Should you buy a brand new home that you can customize, or choose one that's move-in ready? Both have their advantages:
Personalized choices. You may be able to upgrade or choose certain items such as siding, flooring, cabinets, plumbing and electrical fixtures.
Up-to-date with the latest codes/standards. The latest building codes, electrical and energy-efficiency standards will be applied.
Maintenance costs. Lower maintenance costs because everything is new and many items are covered by a warranty.
Builder warranty. A homebuilder's warranty is usually available in all provinces (except Nunavut and the Northwest Territories). This can be important if a major system such as plumbing or heating breaks down. This warranty does not apply if you build the home yourself. Neighbourhood amenities like schools, shopping malls and other services may not be complete for years.
Easy access to services. Probably established in a neighbourhood with schools, shopping malls and other services.
Extras included. Landscaping is usually done and fencing installed. Previously owned homes may have extras like fireplaces, finished basements or swimming pools.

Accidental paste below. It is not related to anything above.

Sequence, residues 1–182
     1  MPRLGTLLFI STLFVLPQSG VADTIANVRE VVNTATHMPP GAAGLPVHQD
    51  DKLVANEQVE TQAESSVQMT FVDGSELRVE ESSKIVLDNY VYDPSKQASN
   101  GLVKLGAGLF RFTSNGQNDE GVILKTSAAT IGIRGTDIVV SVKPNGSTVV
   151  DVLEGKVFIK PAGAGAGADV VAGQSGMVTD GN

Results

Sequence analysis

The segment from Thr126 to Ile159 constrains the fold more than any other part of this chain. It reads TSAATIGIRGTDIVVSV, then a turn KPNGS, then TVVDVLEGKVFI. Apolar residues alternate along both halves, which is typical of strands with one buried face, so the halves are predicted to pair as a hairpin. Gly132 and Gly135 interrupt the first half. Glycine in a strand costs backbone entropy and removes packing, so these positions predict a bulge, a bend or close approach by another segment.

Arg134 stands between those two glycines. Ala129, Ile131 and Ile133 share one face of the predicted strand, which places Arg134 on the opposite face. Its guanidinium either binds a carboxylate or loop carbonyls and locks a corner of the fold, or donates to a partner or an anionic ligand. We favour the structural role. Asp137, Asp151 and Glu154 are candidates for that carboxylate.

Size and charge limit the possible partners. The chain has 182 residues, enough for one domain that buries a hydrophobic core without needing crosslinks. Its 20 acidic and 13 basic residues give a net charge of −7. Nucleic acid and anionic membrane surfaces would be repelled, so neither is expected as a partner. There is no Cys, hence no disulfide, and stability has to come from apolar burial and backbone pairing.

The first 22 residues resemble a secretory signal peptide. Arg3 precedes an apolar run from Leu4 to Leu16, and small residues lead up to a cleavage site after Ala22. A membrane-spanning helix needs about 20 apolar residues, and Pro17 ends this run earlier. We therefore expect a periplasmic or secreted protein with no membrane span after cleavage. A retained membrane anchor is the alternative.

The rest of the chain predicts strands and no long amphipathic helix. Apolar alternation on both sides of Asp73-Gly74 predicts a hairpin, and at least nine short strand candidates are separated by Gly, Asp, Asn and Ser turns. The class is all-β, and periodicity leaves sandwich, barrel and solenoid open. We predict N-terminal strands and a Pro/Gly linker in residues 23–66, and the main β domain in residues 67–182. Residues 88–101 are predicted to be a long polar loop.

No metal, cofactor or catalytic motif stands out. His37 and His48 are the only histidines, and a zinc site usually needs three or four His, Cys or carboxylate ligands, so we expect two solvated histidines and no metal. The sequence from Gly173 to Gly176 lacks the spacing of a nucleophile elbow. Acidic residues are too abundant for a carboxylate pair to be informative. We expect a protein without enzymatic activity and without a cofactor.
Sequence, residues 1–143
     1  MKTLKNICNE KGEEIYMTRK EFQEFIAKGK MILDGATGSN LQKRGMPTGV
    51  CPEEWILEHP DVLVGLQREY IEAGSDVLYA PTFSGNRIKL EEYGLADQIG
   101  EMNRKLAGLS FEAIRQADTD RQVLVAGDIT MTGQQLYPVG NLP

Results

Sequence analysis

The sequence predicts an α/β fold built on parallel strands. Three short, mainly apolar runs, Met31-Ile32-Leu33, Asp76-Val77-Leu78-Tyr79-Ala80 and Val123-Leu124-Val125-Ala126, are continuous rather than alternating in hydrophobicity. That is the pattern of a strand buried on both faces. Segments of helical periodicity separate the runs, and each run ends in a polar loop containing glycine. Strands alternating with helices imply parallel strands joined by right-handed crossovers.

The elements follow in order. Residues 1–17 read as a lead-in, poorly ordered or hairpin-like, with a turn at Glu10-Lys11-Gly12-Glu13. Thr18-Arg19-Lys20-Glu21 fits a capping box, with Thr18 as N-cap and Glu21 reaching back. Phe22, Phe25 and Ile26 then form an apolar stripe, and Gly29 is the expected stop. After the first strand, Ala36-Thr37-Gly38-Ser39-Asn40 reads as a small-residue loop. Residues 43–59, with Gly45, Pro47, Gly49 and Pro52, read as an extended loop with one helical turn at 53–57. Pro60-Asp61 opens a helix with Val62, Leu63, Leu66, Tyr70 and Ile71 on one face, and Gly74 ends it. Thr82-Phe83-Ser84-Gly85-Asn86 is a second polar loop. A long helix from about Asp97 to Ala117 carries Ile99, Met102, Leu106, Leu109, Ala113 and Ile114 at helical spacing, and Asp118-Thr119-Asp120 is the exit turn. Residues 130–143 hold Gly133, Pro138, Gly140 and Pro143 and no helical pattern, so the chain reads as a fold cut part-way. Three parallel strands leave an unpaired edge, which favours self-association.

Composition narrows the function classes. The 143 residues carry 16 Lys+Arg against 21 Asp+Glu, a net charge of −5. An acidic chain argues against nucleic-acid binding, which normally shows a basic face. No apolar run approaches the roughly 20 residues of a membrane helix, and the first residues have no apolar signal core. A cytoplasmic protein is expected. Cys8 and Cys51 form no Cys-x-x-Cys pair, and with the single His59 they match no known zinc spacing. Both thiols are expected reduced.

Possible redecorating and renovations. You may need to redecorate, renovate or do major repairs such as replacing the roof, windows and doors.
Make an Offer
When you find the perfect home, buy it.
After touring homes, you will probably instinctively know which one or two homes you would like to buy. Ask to see them again. You will see them with different eyes and notice elements that were overlooked the first go-around.
At this point, your Century21 agent should call the listing agent to find out more about the sellers' motivation and to double-check that an offer hasn't come in, making sure these homes are still available to purchase.
Your Century21 agent will help you through the offer process. Be very specific in your offer about any improvements or repairs you want the seller to make before closing or about any appliances or other items you expect to be included.
Counteroffer. The seller may accept your initial offer, no questions asked, but often he or she will make a counteroffer, accepting some terms but making changes or raising the price. This process goes back and forth until you either agree or the deal collapses.
Contingencies. Acceptance of the sales contract can be made contingent on (that is, dependent on) certain circumstances. As a first-time homebuyer, you should probably stipulate that the house passes any inspections you want performed and that financing is approved.